Construction group Murray & Roberts (M&R) says the risks associated with its Eskom-related projects have been dealt with after it reached an ‘in-principle agreement’ with the State-owned power utility relating to variation orders, time extensions and the remaining scope of the civil engineering works at the Medupi power station project site, in Lephalale, Limpopo.
CE Henry Laas told investors late last month that the agreement dealt with all historical claims and, more importantly, defined the scope and value of the remaining works, now estimated at around R3-billion. The full value of the contract was estimated at around R8-billion for the M&R-led civils joint venture, which also included Aveng.
The high-level settlement still had to be signed off by the Eskom board, but Laas said he did not foresee any problems related to the clearing of that governance hurdle.
The solution, together with a deal concluded with Hitachi in the first half of 2011, meant that M&R no longer perceived the Medupi-related orders to represent ‘problem contracts’.
The JSE-listed contractor is also the mecha- nical works subcontractor for the multibillion-rand boiler contract awarded to Hitachi in 2007. The contract value to M&R was estimated at around R18-billion, with about R5-billion having been executed.
“The relationship with Hitachi really changed in June last year, when we came to an agreement on the way forward. Since then, progress on the Medupi site has improved materially,” Laas told Engineering News during a recent interview on the Medupi site.
He also indicated that the progress achieved with both Hitachi and Eskom was enabling the contractors to “claw back” some of the time lost during the earlier phases.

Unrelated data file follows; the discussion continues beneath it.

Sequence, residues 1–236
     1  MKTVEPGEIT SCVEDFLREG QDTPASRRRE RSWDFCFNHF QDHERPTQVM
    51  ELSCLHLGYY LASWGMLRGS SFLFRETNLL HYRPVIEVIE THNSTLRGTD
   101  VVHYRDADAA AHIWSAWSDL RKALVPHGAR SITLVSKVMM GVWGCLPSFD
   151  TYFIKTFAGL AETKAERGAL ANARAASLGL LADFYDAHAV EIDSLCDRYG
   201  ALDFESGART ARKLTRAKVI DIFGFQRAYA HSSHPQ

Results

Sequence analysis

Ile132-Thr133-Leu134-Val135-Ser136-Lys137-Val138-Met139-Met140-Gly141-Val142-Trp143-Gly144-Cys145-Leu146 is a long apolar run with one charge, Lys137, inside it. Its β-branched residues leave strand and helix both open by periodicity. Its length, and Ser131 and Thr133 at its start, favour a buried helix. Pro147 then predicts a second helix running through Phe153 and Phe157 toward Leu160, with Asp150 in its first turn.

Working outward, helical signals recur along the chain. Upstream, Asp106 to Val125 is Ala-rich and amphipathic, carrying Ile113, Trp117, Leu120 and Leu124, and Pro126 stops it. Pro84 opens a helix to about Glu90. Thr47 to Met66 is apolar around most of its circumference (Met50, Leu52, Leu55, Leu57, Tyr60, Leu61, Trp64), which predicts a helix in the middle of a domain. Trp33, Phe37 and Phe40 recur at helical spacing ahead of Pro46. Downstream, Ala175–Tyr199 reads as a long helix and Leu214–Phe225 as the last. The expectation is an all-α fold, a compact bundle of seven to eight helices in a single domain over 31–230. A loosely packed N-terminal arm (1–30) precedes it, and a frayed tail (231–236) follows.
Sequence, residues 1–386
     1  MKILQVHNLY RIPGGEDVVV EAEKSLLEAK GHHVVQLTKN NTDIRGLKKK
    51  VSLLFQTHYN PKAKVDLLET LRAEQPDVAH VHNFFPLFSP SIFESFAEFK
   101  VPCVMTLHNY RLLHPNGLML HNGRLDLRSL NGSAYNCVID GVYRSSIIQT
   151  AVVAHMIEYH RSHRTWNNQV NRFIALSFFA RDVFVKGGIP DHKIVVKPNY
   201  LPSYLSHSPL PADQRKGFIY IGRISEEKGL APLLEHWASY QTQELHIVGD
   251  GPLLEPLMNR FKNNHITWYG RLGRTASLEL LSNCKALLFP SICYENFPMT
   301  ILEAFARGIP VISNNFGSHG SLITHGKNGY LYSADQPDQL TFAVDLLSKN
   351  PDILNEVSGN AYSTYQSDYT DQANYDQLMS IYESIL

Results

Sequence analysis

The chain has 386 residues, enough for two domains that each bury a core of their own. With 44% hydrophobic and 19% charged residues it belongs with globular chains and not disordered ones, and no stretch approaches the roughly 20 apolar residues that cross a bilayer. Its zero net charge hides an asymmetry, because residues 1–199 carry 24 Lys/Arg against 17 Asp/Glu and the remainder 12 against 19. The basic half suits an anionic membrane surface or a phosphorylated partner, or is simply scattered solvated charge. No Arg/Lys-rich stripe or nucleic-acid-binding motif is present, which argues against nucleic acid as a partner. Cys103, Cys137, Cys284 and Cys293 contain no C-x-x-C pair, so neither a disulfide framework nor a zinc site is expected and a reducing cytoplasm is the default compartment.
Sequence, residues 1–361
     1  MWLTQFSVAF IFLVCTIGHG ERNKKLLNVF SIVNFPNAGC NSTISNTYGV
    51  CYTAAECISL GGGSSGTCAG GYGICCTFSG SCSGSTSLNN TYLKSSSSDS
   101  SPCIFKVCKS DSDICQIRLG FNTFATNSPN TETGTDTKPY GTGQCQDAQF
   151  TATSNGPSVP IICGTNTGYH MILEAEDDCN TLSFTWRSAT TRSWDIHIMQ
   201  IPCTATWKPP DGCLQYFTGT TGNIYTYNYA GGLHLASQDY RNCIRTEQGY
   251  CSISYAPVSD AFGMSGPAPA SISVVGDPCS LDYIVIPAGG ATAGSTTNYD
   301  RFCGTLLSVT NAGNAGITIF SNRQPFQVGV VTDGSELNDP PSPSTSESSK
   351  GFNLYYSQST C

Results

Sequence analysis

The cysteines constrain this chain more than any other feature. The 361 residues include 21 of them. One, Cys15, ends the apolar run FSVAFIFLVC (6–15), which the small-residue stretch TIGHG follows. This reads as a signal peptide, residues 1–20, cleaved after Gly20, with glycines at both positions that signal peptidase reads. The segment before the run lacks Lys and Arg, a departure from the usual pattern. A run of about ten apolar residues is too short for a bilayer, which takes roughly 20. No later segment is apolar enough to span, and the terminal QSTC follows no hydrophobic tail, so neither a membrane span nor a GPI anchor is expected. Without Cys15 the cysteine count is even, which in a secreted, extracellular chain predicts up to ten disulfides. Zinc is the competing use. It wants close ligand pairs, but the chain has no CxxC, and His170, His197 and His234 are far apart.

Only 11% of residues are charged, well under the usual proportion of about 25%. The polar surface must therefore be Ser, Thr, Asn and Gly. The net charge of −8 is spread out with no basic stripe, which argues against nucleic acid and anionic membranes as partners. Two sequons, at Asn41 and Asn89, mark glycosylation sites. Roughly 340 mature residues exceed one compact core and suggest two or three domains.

Nevertheless, Eskom was still forecasting output from the first unit at the R91-billion (R120-billion with interest) six-unit project towards the end of 2013. The coal-fired power station, with a final nameplate capacity of 4 764 MW, would be ramped up to full capacity by 2017.
“The relationship is now, such, that the parties are working together and they are delivering the project,” Laas said, adding that he did not expect any costs to M&R as a result of a ‘flow through’ claim by Aveng’s DSE against Hitachi.
Financially, the arrangements were such that M&R was recovering all costs related to the Hitachi subcontract, while it had the potential to earn a profit based on performance.
“There was no profit for us up to the end of June 2011. But, as from July onwards, the arrangement is working well for us and we expect to earn a profit of between 5% and 7.5%.”
On the civils side, the group also expected to secure margins within the 5% to 7.5% range following the settlement.
“There is clear definition of what we need to do and we are all in agreement on the programme; we are also in agreement on the cost and the value to complete the project.
This has effectively derisked the project to a large extent,” Laas explained, adding that in the absence of the agreement, the issue would have probably moved into arbitration.